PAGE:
While on my blogging break, I was surprised to find a rest in writing more, not less. My new journal stayed close beside me, ready to take on my words at any given moment. Multiple times a day I found myself jotting down words, thoughts and feelings in the moment, along with quotes I liked from books I’d been reading. The paper and pen could meet me, could be there for me, in a way the keyboard on a computer cannot. And where opening the computer to write often comes with a feeling of guilt or neglect for children or duties, opening my journal seems a much more present and natural light.
“Watching, listening, learning, I begin to feel at ease where I am, come to know the language of the wind, the daily path of the summer sun, the proximity of stars. And so it is that the contours of this landscape slowly inscribe themselves on my heart, on all our hearts, as sense memories accrue by layers, one day blending seamlessly into the next.”
~Katrina Kenison, The Gift of an Ordinary Day~
You see, when you look into the eyes of an artist long enough, you begin to understand an inner world outside of your own. Your eyes become like the hand of a neuro-surgeon, carving a pathway to the inmost being in ways man only thinks that he knows. The artist makes an imprint on your heart, a change in your perspective, and ultimately, a change in the way you live your life. His life shows up in the presentation of your life . His art becomes the inspiration for your own. The artist becomes a part of you.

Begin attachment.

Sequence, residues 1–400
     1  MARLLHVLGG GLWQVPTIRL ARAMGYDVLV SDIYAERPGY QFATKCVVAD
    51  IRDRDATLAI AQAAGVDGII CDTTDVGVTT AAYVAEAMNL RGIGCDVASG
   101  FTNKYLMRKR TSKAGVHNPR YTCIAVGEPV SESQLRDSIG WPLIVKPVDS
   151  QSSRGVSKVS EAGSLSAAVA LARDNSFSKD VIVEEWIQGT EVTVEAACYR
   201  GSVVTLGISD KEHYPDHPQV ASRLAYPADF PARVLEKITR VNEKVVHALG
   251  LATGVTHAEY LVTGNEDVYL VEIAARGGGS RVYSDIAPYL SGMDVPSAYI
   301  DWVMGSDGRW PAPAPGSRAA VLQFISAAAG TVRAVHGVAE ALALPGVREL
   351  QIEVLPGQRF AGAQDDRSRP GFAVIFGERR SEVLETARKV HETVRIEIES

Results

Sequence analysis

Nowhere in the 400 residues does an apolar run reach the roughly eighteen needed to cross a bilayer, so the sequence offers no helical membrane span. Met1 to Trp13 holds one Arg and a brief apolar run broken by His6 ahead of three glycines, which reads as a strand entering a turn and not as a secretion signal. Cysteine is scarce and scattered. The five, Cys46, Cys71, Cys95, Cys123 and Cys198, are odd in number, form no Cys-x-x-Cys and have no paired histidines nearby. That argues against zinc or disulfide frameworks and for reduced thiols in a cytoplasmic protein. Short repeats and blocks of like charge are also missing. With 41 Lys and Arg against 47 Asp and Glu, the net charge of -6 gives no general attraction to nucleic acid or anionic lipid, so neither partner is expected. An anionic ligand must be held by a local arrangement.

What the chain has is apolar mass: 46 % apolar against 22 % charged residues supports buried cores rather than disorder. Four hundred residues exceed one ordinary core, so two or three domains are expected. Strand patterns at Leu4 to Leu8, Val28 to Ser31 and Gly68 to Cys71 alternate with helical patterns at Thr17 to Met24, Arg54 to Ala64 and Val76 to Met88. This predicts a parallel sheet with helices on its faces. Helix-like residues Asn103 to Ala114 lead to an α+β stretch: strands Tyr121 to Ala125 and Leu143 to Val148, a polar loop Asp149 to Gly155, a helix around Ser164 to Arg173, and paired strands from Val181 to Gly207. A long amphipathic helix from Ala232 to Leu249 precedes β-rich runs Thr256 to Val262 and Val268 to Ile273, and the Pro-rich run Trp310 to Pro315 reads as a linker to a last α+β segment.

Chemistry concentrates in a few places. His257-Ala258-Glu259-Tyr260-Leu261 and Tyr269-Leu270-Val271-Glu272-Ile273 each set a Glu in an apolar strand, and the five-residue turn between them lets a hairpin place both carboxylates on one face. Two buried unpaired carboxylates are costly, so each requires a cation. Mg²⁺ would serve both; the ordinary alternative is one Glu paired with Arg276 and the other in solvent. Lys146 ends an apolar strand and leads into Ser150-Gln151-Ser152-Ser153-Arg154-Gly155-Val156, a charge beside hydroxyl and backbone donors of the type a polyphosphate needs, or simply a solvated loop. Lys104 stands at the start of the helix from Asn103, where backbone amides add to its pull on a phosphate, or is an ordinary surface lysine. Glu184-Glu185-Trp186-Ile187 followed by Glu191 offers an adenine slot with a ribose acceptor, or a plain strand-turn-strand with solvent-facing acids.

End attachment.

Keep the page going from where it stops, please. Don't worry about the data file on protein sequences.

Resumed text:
This is all just a meandering way of getting around to our school work. In an imitation of former teachers, the big kids were given the task of writing a two page paper, on any topic of their choice. They each chose to write about an animal. This was a good excuse to hunt through the various sets of hand-me-down encyclopedias, bored on the bookshelves, hoping at length for a chance to be used. I asked this of them knowing full well how much I hated writing papers, for I’m still learning things myself. I’m reminded of many a frustrated and blank-staring minutes, my desk piled high with library books and words galore, waiting for my own words to magically appear out of nowhere.
I saw the same frustration this morning. The kids hovered over the paragraphs of lions and coyotes, worried their own words had come to an end. They only had enough words for one page, not two. Straying from the familiar words of using your own words, I offered a suggestion, hoping to renew their hope for the next full page. I told them they could copy what they read in between the black and white lines. Read and write what you see. It’s not plagiarism, plagiarism is stealing. It’s work, copy work at differing levels. You copy the words, not to claim them as your own, but to borrow them for a time, but only for a time, when the time will surely come to give them back with joy.